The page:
A Political Affair by Mary Whitney

Publication Date: October 18th, 2012
The Writers’ Coffee Shop
Format: Paperback, 284 pages
RATING: 2 out of 5 Stars

A Political Affair isn’t Fifty Shades of Red, White, and Blue, but it is a love story with spice and political intrigue. Stephen McEvoy never expected to fill his father’s U.S. Senate seat at such a young age—or to fight to keep it. When clever Anne Norwood interns in his office, Stephen dismisses her as another pretty face—until her independent streak catches his attention. They’re both too smart to fall for one another, yet they do. During a tough election, their relationship is an impossible political gamble. Campaigns—like love—are either won or lost.

Ripped from the headlines, A Political Affair is a story of a US high ranking official who got involved in a clandestine affair with his intern. It seems like if there’s a scandal involving sex, a Democrat is never far away. So stereotypical. What’s with that party anyway? Why can’t they keep their dicks in their pants?

This book is one of those fan fictions that were pulled-to-publish type of deals; and while I have no problems with authors doing their thing, I’ve always hoped that they would strive to make it worth the money we’re spending to buy their books. This had some editing problems – nothing major, mind you. Just missing words here and there. Still. I expected a polished work.

I can barely recall reading this when it was still a fanfic so I can’t tell you what the differences are other than the characters’ names. I know it was a Twific, though, so don’t be surprised when you’re introduced to a whole slew of secondary characters.


The characters left a lot to be desired. For a couple of people who are supposed to be political savvy and intelligent, they hardly discussed anything that could be considered as such. I get that this is a romance first more than anything else, but I expected to be wowed by intelligent, scintillating conversations between characters. Both characters were one-dimensional with little to no developments. I’m not sure if it had something to do with how the author chose to tell the story but this third person POV tend to create a problem for me. I’d rather read as the characters feel and not have someone else tell me how the characters were feeling. In general though, Anna and Stephen were but mere cardboard cut-outs.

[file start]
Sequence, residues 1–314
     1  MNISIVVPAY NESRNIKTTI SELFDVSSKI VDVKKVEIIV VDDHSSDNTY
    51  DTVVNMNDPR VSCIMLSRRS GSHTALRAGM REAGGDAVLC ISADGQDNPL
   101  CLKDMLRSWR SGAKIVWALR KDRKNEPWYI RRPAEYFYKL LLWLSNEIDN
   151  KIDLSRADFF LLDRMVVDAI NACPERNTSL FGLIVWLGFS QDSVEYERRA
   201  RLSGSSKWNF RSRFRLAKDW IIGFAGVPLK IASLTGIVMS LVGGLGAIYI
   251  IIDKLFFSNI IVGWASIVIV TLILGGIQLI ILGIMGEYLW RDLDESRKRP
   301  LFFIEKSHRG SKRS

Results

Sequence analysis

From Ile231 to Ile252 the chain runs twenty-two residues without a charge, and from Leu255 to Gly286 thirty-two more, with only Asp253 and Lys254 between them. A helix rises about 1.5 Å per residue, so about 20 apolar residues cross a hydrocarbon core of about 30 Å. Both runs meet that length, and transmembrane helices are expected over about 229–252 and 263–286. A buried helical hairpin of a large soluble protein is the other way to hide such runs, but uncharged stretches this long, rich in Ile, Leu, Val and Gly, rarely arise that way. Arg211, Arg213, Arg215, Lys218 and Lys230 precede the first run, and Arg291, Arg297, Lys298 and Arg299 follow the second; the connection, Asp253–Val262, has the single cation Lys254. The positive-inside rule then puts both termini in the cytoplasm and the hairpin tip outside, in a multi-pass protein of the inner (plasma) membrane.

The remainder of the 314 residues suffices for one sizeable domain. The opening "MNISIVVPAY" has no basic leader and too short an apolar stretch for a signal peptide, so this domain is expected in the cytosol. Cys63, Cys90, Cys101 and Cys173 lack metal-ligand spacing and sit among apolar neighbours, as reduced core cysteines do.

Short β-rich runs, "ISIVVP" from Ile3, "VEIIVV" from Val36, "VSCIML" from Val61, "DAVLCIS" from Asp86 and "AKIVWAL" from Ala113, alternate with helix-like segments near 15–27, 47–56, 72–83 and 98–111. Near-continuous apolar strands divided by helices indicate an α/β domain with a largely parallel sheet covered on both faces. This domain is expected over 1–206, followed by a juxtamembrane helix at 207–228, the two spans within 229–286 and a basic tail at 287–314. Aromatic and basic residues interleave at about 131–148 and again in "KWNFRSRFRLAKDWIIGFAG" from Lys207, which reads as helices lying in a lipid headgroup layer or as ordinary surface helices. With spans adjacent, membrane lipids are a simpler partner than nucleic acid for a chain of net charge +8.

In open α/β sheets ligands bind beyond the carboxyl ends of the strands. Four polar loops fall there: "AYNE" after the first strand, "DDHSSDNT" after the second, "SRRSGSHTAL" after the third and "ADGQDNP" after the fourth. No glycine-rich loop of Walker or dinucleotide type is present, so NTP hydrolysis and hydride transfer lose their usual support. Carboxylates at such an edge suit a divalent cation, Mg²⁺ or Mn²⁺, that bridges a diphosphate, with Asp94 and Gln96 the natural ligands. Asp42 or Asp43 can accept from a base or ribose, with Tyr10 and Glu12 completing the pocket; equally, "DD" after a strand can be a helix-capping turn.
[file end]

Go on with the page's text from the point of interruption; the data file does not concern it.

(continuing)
Okay, so it’s a bit of a cliché. But I must admit that it’s a story line that I’m a fan of. Besides, who doesn’t like  campy political scandals? This one, however, was very clean.  I liked that the author chose to drag the culmination of their relationship until almost to the bitter end and didn’t force her characters to a raunchy closed-doors monkey sex.

My complaint lies in the fact that there’s hardly any excitement in it – no suspense, no drama. In fact, it was a pretty boring read, in my opinion.


This was a fast read but don’t expect much. Many have given this book a glowing review so you might want to read those if you’re dead set on reading this. I think for someone of Mary Whitney’s political background and education, she could’ve done a much better job. To be honest, you’re better off reading T. Baggins’ Fifteen Shades of Gay if you’re interested in a campy political scandal. That book at least stimulated me…intellectually and…yeah.

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